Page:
Until the early 1990s, this condition was classified as a B-cell defect because only IgM is produced. However, in 1986, B cells from patients with XHIM syndrome were shown to have the capacity to synthesize IgM, IgA, and IgG normally when these cells were cocultured with a "switch" T-cell line, a finding suggesting that in those patients the defect lay in T-lineage cells (51). This was puzzling, because routine tests of T-cell function were usually normal in such patients. In 1993, the abnormal gene in XHIM syndrome was localized to Xq26 (52) and was identified by five groups almost simultaneously (53-56). The gene product is a surface molecule known as CD154 (or CD40 ligand) on the surfaces of activated helper T cells (57) that interacts with CD40 molecules on B cells(53). Cross-linking of CD40 on either normal or XHIM B cells with a monoclonal antibody to CD40 or with soluble CD154 in the presence of cytokines (IL-2, IL-4, or IL-10) causes the B cells (which are intrinsically normal in XHIM syndrome) to undergo proliferation and isotype switching and to secrete various types of immunoglobulins. CD154 is a type II integral membrane glycoprotein with significant sequence homology to tumor necrosis factor (TNF); it is found only on activated T cells, primarily of the CD4 phenotype (Fig. 2) (57). Mutations in the gene encoding CD154 on XHIM patientsí T cells result in a lack of signaling of their normal B cells when their T cells are activated. Therefore, XHIM B cells fail to undergo isotype switching and produce only IgM; there is an absence of CD27+ memory B cells (58). Lymph node histology shows only abortive germinal center formation and a severe depletion and phenotypic abnormalities of follicular dendritic cells (59). Of further importance to effective immune responses, the lack of stimulation of CD40 also causes these patientsí B cells not to up-regulate CD80 and CD86. The latter are important co-stimulatory molecules that interact with CD28/cytotoxic T-lymphocyte-associated antigen 4 (CTLA-4) on T cells (60). The failure of interaction of the molecules of those pathways results in a propensity for tolerogenic T-cell signaling and defective recognition of tumor cells.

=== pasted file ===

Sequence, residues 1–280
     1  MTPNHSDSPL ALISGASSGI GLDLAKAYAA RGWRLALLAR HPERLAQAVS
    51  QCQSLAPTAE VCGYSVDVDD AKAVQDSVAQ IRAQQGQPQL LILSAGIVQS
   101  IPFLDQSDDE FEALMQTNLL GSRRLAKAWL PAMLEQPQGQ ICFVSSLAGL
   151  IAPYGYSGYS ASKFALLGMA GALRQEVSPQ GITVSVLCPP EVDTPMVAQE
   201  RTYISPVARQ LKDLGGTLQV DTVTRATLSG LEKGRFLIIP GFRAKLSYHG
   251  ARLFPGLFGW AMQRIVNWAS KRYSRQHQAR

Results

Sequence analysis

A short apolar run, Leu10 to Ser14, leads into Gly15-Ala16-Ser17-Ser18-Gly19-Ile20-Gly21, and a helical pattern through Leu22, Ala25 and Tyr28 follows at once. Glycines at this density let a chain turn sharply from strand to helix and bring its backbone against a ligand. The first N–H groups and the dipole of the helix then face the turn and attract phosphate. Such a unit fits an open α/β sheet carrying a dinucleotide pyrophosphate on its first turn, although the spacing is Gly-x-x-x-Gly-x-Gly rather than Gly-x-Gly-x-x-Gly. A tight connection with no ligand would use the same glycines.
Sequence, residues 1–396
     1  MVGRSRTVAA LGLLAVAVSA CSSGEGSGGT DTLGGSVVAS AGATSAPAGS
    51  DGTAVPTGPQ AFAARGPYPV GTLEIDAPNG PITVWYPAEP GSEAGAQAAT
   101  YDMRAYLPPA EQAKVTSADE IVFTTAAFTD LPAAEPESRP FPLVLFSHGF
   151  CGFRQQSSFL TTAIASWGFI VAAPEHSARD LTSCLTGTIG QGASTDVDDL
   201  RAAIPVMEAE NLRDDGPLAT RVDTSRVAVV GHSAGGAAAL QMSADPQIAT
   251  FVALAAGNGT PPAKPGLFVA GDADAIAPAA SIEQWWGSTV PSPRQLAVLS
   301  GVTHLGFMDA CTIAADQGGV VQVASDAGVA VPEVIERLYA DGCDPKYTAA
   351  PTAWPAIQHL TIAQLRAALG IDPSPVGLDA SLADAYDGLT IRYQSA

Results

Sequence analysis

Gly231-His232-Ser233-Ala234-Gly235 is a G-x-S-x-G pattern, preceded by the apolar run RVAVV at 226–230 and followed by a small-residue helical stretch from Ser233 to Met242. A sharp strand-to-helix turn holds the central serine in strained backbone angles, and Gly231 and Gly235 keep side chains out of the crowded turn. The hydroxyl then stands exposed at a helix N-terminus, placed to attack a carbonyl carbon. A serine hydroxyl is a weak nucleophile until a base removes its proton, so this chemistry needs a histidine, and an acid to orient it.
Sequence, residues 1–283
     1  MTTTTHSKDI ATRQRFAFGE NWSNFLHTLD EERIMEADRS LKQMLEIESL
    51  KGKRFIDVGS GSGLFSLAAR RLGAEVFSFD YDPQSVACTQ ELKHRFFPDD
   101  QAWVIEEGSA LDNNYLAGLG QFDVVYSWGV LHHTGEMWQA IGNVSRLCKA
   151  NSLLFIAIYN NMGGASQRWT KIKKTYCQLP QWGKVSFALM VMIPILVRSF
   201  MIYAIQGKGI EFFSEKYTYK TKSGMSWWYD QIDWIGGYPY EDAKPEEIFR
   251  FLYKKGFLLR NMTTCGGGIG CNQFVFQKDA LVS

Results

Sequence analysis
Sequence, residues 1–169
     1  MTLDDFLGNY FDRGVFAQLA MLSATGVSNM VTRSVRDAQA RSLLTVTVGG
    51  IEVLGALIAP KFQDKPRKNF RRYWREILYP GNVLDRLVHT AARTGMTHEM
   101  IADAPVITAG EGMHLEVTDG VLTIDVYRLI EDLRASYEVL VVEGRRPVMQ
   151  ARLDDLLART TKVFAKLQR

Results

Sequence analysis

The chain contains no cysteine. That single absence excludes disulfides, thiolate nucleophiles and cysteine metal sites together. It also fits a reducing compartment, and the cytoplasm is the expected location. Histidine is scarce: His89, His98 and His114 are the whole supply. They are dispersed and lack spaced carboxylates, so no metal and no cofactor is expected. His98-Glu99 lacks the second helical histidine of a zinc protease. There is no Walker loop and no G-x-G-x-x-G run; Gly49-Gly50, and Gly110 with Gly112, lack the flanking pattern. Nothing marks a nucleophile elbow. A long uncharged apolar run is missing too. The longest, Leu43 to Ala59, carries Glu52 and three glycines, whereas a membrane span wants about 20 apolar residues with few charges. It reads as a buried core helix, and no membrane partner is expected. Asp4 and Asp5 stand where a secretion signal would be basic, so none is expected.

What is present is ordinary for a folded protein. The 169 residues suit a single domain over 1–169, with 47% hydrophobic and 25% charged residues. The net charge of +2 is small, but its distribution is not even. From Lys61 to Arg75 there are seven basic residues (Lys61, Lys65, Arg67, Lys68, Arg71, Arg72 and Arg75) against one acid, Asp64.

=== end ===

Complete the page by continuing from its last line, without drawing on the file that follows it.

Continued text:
FIG. 2. Cartoon showing the role of the CD40 ligand (CD154) in B-cell class switching. The CD154 gene is mutated in X-linked hyper lgM. Thus, this is a T-cell, not a B-cell, defect. From Allen RC, Armitage RJ, Conley ME, et al. (53), with permission.